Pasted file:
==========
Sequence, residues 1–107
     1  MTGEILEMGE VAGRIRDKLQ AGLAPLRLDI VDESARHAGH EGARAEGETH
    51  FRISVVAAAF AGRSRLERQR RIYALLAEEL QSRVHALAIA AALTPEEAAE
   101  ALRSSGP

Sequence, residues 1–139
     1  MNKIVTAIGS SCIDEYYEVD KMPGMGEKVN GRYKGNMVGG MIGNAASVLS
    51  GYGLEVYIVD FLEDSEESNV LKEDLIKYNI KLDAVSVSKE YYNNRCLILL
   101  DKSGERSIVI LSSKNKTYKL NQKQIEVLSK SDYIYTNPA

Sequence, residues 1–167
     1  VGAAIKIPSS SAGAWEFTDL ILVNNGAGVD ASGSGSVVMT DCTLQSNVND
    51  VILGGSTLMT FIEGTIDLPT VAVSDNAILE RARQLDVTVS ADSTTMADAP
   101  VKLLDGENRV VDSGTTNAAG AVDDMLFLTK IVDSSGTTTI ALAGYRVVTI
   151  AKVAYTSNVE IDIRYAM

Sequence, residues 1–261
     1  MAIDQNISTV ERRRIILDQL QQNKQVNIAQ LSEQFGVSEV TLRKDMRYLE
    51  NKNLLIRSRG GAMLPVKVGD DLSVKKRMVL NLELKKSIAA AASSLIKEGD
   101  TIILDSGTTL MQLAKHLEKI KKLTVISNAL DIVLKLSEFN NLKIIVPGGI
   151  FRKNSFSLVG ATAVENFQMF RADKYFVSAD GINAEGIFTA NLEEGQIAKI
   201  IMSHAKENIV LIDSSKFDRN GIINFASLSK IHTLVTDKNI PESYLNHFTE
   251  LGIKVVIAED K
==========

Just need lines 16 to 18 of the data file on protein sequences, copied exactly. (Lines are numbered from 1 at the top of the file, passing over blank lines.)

    51  NKNLLIRSRG GAMLPVKVGD DLSVKKRMVL NLELKKSIAA AASSLIKEGD
   101  TIILDSGTTL MQLAKHLEKI KKLTVISNAL DIVLKLSEFN NLKIIVPGGI
   151  FRKNSFSLVG ATAVENFQMF RADKYFVSAD GINAEGIFTA NLEEGQIAKI